CONCLUSION

The management of patients with IPF remains a significant challenge in respiratory medicine. Nintedanib is an innovative therapy for the treatment of IPF, the reimbursement of which has a relative low impact on EOPYY budget, whilst saving healthcare resources related to management of acute exacerbation events for the Greek NHS. Data from a real-world patient registry would allow a more accurate representation of both clinical benefit and resource use associated with either nintedanib or pirfenidone and BSC, and provide evidence based knowledge on the impact of such decision making on the budget of EOPYY.

Funding

This paper was not funded.

Declaration of Interest

The authors have no relevant affiliations or financial involvement with any organization or entity with a financial interest in or financial conflict with the subject matter or materials discussed in the manuscript. This includes employment, consultancies, honoraria, stock ownership or options, expert testimony, grants or patents received or pending, or royalties.

References
1. Fala L. Ofev (Nintedanib): First tyrosine kinase inhibitor approved for the treatment of patients with idiopathic pulmonary fibrosis. Am Health Drug Benefits 2015; 8(Spec Feature):101–4.
2. Karakatsani A, Papakosta D, Rapti A, et al. Hellenic Interstitial Lung Diseases Group Epidemiology of interstitial lung diseases in Greece. Respir Med 2009;103:1122–9.
3. Kistler KD, Nalysnyk L, Rotella P, et al. Lung transplantation in idiopathic pulmonary fibrosis: a systematic review of the literature. BMC Pulm Med 2014;14:139. doi: 10.1186/1471-2466-14-139.
4. Kreuter M, Ehlers-Tenenbaum S, Palmowski K, et al. Impact of Comorbidities on Mortality in Patients with Idiopathic Pulmonary Fibrosis. PLoS One 2016;11(3):e0151425. doi: 10.1371/journal.pone.0151425.eCollection 2016.
5. Ley B, Collard HR. Epidemiology of idiopathic pulmonary fibrosis. Clin Epidemiol 2013;5:483-92. doi: 10.2147/CLEP.S54815.
6. Meltzer EB, Noble PW. 2008. Idiopathic Pulmonary fibrosis. Orphanet J Rare Dis 2008; 26;3:8. doi: 10.1186/1750-1172-3-8. available at: http://www.orpha.net/consor/cgi-bin/OC_Exp.php?Expert=2032
7. Nalysnyk L, Cid-Ruzafa J, Rotella P, et al. Incidence and prevalence of idiopathic pulmonary fibrosis: review of the literature. European Respiratory Review 2012;21:355-61.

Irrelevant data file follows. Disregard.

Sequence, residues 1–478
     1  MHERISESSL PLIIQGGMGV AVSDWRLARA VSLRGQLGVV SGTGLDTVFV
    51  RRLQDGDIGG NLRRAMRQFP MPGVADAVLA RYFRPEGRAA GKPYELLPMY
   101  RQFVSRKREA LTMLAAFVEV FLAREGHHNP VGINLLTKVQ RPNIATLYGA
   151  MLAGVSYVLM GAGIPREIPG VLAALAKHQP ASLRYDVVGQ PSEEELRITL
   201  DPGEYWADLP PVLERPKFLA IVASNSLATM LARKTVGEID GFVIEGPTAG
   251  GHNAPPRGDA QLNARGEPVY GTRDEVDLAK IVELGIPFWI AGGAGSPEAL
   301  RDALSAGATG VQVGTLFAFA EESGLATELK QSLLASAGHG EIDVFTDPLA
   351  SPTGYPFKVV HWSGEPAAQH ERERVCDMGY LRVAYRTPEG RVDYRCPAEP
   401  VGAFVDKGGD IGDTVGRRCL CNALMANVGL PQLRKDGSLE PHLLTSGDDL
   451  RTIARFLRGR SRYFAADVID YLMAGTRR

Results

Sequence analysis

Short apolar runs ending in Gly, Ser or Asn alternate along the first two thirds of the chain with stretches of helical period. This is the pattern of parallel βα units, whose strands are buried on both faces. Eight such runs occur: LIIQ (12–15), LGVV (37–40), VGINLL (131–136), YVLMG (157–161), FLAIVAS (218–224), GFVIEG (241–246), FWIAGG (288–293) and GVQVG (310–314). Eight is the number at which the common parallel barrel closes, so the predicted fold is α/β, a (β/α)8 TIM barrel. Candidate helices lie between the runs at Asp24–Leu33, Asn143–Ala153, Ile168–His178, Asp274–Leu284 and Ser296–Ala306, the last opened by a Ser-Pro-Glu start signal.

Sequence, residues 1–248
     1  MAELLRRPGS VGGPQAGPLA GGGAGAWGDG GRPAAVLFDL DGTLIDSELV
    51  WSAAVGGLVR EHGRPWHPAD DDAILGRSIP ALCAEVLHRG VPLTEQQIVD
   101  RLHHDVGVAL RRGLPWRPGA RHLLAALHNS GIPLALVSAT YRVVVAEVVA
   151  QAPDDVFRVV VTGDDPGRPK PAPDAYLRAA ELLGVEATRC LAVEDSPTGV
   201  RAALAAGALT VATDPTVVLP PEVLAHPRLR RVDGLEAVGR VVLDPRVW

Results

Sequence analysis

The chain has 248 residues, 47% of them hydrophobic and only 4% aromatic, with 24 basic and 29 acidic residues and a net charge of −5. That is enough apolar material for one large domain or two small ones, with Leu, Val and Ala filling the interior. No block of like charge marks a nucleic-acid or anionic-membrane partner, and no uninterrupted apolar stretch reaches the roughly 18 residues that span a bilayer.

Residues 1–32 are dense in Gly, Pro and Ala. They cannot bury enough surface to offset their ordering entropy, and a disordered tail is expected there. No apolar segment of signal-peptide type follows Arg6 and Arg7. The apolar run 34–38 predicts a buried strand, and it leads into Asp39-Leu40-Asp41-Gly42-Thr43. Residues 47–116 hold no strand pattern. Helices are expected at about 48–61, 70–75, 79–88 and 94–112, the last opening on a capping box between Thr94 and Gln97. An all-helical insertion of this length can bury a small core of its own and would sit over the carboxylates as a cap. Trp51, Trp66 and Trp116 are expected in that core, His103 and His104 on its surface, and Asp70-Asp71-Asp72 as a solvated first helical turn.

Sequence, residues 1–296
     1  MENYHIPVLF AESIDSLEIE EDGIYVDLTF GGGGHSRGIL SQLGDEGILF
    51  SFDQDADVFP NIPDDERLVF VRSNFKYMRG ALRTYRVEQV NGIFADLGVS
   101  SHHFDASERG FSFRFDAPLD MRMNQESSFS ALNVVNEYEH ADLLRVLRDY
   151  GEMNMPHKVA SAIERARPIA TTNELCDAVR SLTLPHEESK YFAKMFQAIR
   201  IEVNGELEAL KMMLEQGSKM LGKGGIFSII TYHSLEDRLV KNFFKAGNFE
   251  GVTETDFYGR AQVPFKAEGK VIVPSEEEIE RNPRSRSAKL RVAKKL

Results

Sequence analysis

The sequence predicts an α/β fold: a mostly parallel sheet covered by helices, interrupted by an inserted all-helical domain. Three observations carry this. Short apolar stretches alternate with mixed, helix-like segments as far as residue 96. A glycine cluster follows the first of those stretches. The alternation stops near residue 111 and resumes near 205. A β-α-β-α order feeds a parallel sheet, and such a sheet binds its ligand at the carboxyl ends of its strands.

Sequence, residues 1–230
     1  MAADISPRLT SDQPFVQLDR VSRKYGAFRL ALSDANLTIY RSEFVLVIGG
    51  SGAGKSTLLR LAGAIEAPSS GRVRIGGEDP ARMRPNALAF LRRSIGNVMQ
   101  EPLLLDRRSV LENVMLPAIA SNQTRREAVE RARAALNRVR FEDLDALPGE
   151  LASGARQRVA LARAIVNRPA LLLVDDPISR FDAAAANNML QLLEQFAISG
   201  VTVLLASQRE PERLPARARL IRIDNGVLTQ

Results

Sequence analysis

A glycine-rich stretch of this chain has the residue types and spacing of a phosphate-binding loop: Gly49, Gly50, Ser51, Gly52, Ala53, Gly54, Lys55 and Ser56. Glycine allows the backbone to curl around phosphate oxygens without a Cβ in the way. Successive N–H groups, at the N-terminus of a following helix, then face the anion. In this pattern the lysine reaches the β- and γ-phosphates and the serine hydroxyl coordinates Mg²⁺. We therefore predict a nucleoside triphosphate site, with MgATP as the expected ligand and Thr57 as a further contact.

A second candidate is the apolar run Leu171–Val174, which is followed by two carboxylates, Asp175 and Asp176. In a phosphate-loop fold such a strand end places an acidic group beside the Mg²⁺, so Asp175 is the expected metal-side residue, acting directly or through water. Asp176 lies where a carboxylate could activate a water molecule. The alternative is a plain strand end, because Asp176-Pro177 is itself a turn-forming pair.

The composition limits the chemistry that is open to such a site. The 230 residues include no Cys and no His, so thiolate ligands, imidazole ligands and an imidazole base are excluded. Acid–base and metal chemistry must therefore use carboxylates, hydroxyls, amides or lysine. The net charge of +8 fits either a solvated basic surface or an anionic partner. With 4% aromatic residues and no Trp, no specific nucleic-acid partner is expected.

8. National Institute for Health and Care Excellence. Diagnosis and management of suspected idiopathic pulmonary fibrosis. Clinical Guideline. Methods, evidence and recommendations. Idiopathic pulmonary fibrosis: full guideline draft. January 2013. http://www.nice.org.uk/nicemedia/live/12955/62316/62316.pdf
9. National Institute for Health and Care Excellence. Evidence-based recommendations on nintedanib (Ofev) for adults with idiopathic pulmonary fibrosis. NICE technology appraisal guidance [TA379] Published date: 27 January 2016.
10. https://www.nice.org.uk/guidance/TA379
11. Noble PW, Albera C, Bradford WZ, et al. Pirfenidone in patients with idiopathic pulmonary fibrosis (CAPACITY): two randomised trials. Lancet 2011;377:1760–69.
12. OECD, 2016. Demography and Population available at: http://stats.oecd.org/Index.aspx?DatasetCode=POP_FIVE_HIST
13. Raghu G, Selman M. Nintedanib and pirdenidone. New antifibrotic treatment indicated for idiopathic pulmonary fibrosis offer hopes and raises questions. Am J Respir Crit Care Med 2015;191:252-4. doi: 10.1164/rccm.201411-2044ED.
14. Richeldi L, du Bois RM, Raghu G, et al. INPULSIS Trial Investigators. Efficacy and safety of nintedanib in idiopathic pulmonary fibrosis. N Engl J Med 2014;29;370:2071-82.
15. Rinciog D, Watkins M, Chang S, et al. A cost-effectiveness analysis of nintedanib in idiopathic pulmonary fibrosis in the UK. Pharmaco Economics 2017; 35:479-91. doi: 10.1007/s40273-016-0480-2.
16. Yanni F. Yu, Ning Wu, Chien-Chia Chuang, et al. Patterns and economic burden of hospitalizations and exacerbations among patients diagnosed with idiopathic pulmonary fibrosis. J Manag Care Spec Pharm 2016;22:414-23.
17. Greek legislated DRGs 2012-2017 - Υ4α/οικ.105494 ΚΥΑ (ΦΕΚ 3096/Β/2012), Υ4α/οικ.50142 ΚΥΑ (ΦΕΚ 1474/Β/2014), Α3γ/οικ.76490 ΚΥΑ (ΦΕΚ 3395/Β/2016), Α3γ/οικ.1846 ΚΥΑ (ΦΕΚ 117/Β/2017).